LAFAYETTE, Ind. — Parking longer than the designated maximum time posted on signage in Lafayette once got you a ticket.
Thanks to an approved Lafayette city ordinance, parking beyond the allotted time could result in multiple tickets for a single incident.
Lafayette City Council passed several ordinances and resolutions at June’s meeting, including one addressing parking issues.
Notable, Resolution 2022-14 unanimously passed and declared racism as a public health crisis in the City of Lafayette. The Journal & Courier reported on the matter in more detail earlier this week.
- Ordinance 2022-11 would allow parking officials to issue multiple tickets to individuals who exceed the allotted parking time limits
- Resolution No. 2022-13 confirmed an Economic Revitalization Area (ERA) for the Fairfield Manufacturing Company
- Resolution 2022-15 approved the issuing of bonds to help fund Lafayette’s new Public Works Campus
Two parking tickets in your near future?
Parking officials in downtown Lafayette have dealt with vehicles remaining in a timed parking spot for a whole day, even after being issued one parking ticket.
Lafayette City Attorney Jacque Chosnek worked with Parking Operations, the Lafayete Police Department Traffic Division and parking commission staff on Ordinance 2022-11 as a way to address this ongoing issue in downtown Lafayette.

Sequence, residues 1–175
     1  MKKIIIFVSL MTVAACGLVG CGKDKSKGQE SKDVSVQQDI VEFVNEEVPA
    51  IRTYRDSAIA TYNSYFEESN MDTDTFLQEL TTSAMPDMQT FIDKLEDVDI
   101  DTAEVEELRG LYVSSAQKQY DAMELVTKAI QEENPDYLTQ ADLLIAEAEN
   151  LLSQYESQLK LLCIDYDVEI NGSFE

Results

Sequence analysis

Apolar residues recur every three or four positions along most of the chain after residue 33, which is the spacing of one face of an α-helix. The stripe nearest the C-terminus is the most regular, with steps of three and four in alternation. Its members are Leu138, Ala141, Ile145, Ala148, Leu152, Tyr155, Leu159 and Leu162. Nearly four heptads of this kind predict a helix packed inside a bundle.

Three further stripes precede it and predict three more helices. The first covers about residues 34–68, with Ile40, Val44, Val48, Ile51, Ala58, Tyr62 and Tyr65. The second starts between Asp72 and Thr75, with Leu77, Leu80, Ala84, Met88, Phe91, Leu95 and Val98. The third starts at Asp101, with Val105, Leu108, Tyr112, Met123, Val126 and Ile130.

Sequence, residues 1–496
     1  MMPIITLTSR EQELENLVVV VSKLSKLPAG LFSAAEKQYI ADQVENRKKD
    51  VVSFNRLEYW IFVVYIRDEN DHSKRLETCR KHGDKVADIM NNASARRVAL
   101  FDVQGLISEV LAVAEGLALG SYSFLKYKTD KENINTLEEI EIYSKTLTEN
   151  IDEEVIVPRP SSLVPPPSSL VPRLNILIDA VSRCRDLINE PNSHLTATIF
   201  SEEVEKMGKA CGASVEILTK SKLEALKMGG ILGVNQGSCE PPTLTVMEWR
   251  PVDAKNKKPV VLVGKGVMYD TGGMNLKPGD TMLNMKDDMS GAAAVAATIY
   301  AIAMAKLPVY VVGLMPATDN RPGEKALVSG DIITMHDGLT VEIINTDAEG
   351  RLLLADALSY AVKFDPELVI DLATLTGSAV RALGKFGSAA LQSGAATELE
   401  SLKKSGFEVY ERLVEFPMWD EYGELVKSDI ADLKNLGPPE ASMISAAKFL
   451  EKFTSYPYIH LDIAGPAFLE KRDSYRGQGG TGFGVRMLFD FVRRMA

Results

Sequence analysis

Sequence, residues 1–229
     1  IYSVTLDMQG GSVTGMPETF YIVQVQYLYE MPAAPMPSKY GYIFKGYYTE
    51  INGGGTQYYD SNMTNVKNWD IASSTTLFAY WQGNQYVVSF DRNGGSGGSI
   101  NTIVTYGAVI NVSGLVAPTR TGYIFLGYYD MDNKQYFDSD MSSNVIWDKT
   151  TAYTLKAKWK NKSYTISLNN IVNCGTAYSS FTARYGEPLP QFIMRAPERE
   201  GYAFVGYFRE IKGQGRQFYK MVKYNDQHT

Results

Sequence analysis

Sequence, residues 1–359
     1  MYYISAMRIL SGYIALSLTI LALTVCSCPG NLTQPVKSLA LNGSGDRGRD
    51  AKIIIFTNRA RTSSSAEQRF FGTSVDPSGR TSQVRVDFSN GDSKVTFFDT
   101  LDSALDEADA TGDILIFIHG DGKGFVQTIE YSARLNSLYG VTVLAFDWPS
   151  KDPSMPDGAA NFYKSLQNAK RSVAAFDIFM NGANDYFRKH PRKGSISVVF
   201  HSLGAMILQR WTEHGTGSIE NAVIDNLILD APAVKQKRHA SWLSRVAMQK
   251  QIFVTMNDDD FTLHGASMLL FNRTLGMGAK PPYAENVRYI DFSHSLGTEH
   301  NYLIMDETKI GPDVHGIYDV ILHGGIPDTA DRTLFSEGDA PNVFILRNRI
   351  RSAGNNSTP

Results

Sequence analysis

“Right now, under the current rules, if you were there for more than two hours you get a ticket, but there’s no mechanism if you’re still there two hours again to do that,” said Chosnek.
Ordinance 2022-11 will allow parking officials to cite additional $20 tickets to any vehicle owners who haven’t moved their cars after two hours from receiving their first ticket.
At May’s meeting, Chosnek went into more detail regarding the new ordinance.
“The final change is to allow parking operations to issue citations for each two-hour violation. So, if you’re there for over two hours, you get your first ticket. They come back around, and it’s been two hours later, you can get a second ticket and so on.”
Additionally, the vehicle will need to be moved to either the opposite side of the street or to a different street altogether. If the car is only moved to a different parking spot on the same street, it is still eligible to receive an additional ticket.
If a car breaks down and can’t reasonably be moved, the Lafayette parking division would void those tickets if the owner of the vehicle informs them of the situation.
The ordinance also addresses other parking-related issues, such as people putting up their own signs to reserve parking; changes to the language within the code to be more general; allowing parking officials more leeway when deciding whether to write up a citation; and removing the time restriction regarding loading zone.
The ordinance passed with a unanimous vote.
Economic Revitalization Area
This resolution would allow for the partial abatement of property taxes attributable to the redevelopment/rehabilitation of real property and/or installation of new personal property in an “Economic Revitalization Area” for the Fairfield Manufacturing Company.